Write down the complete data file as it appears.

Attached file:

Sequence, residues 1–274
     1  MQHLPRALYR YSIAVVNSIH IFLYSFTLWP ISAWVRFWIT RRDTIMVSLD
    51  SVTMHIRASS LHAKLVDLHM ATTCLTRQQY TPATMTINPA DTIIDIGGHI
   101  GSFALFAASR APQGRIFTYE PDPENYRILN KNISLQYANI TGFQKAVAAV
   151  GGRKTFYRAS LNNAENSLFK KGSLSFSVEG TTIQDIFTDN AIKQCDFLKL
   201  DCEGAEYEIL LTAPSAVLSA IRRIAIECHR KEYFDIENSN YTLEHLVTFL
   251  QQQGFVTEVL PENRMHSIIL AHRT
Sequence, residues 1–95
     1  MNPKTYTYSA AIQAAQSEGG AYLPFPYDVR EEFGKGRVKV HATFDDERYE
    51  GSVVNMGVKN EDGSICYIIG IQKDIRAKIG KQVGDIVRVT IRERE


Sequence, residues 1–274
     1  MQHLPRALYR YSIAVVNSIH IFLYSFTLWP ISAWVRFWIT RRDTIMVSLD
    51  SVTMHIRASS LHAKLVDLHM ATTCLTRQQY TPATMTINPA DTIIDIGGHI
   101  GSFALFAASR APQGRIFTYE PDPENYRILN KNISLQYANI TGFQKAVAAV
   151  GGRKTFYRAS LNNAENSLFK KGSLSFSVEG TTIQDIFTDN AIKQCDFLKL
   201  DCEGAEYEIL LTAPSAVLSA IRRIAIECHR KEYFDIENSN YTLEHLVTFL
   251  QQQGFVTEVL PENRMHSIIL AHRT
Sequence, residues 1–95
     1  MNPKTYTYSA AIQAAQSEGG AYLPFPYDVR EEFGKGRVKV HATFDDERYE
    51  GSVVNMGVKN EDGSICYIIG IQKDIRAKIG KQVGDIVRVT IRERE